Good Shepherd Lutheran Church


The Shepherd's Staff


Posted by Ted Moeller on

   I find it incredibly ironic that the past couple of months has seen such a spike in the use of the word “abundance.” Its frequency in everyday speech is up 325% since mid-February. Actually, I made that figure up; but I’m sure it’s close to the truth. And I love it!  Because “abundance” is such a great word.

   How many times have you heard the phrase, “an abundance of caution,” used over the last few weeks? The reason I think that’s so ironic is because “an abundance of caution” is the professed rationale behind the call to stay at home. And while it is having a definite impact on reducing the spread of the Corona virus, at the same time it is tearing us apart. It’s too much; and many people have decided to throw caution to the wind. They only want some caution, a little bit of safeguarding. Abundance just seems to be going too far.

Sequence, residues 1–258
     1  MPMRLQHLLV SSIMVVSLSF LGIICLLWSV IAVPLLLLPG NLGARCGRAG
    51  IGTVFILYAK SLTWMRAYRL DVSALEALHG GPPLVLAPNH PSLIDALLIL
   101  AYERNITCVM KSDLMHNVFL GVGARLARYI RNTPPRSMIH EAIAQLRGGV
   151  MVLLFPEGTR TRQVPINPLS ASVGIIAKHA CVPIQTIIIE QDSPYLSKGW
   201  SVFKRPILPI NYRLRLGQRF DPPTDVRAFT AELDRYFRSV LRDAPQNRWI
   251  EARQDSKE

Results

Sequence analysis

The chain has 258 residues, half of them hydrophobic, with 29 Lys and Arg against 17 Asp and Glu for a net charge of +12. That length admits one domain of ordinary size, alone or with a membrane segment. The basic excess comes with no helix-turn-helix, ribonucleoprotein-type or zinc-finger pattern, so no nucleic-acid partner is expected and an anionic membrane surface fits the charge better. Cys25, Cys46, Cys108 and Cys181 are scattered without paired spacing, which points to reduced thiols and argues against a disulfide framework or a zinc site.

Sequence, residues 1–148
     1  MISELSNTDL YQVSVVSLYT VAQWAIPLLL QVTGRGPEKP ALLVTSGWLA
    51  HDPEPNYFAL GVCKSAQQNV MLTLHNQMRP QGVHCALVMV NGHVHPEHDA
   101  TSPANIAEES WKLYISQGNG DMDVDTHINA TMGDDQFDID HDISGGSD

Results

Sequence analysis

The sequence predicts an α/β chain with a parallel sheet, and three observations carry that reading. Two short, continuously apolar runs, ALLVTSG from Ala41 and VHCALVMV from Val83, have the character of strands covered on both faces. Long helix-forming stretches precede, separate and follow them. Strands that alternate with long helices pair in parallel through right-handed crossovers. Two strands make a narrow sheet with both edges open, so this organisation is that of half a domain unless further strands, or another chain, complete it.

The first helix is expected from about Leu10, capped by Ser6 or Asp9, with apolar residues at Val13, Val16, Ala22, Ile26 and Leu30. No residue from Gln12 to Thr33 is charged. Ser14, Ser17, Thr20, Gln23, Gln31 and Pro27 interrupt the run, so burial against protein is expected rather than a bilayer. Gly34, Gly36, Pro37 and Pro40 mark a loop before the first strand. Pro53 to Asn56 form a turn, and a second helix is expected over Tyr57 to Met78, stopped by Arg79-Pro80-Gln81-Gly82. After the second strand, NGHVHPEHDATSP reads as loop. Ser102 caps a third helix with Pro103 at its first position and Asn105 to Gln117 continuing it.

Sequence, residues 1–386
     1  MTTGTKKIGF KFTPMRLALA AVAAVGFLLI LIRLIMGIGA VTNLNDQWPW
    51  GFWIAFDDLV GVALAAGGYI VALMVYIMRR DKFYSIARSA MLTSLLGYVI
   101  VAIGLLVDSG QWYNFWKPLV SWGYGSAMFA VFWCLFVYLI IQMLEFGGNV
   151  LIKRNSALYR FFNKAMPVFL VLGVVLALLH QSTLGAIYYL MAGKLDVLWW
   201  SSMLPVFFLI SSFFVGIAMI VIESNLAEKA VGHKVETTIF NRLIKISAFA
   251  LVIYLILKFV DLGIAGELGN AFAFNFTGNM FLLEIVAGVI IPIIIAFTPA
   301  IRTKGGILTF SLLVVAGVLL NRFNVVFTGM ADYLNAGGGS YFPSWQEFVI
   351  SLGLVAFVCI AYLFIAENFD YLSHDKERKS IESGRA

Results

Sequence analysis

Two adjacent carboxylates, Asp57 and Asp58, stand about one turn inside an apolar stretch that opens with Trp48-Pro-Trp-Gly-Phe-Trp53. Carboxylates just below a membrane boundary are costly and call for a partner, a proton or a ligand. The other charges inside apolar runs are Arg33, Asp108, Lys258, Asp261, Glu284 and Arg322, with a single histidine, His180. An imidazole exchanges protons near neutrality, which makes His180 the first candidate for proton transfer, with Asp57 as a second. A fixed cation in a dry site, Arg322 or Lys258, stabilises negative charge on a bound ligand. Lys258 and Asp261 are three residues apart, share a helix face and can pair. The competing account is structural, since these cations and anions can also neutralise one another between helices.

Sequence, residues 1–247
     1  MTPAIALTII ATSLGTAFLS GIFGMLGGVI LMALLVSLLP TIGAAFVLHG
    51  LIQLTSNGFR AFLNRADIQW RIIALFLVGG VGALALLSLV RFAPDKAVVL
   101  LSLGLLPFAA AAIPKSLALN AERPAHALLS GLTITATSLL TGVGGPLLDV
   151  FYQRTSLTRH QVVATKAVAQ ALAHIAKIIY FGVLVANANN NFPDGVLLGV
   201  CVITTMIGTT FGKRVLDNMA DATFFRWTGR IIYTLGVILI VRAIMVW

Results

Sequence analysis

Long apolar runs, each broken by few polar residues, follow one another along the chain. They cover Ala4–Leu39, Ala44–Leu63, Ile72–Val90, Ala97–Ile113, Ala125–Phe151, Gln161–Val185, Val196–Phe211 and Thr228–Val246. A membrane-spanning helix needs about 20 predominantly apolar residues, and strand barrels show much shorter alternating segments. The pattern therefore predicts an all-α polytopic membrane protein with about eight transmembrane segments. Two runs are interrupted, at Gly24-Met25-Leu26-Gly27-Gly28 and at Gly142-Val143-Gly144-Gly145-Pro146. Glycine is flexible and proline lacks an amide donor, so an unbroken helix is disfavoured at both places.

The problem is, we’re just too used to scarcity—to running out, not having enough. We don’t know what to do with abundance. Why should caution be any different than toilet paper, hand sanitizer, ventilators, and the stimulus package funds? We naturally expect the demand to exceed supply. So why bother? Perhaps that’s why we are always encouraged to practice this abundance of caution. Because it takes a continual effort to convince ourselves that we can ever have plenty of anything.

   Like I said, abundance is such a great word! Too great to limit it to being cautionary. How about, while we are at it (“all in this together”), we also practice an abundance of patience, an abundance of empathy, an abundance of love? Don’t dwell on scarcity! Turn to our Lord and Savior Jesus, who declares, “I have come to give you life—life in all its abundance!” [John 10:10]  And may the only thing we ever run out of be excuses.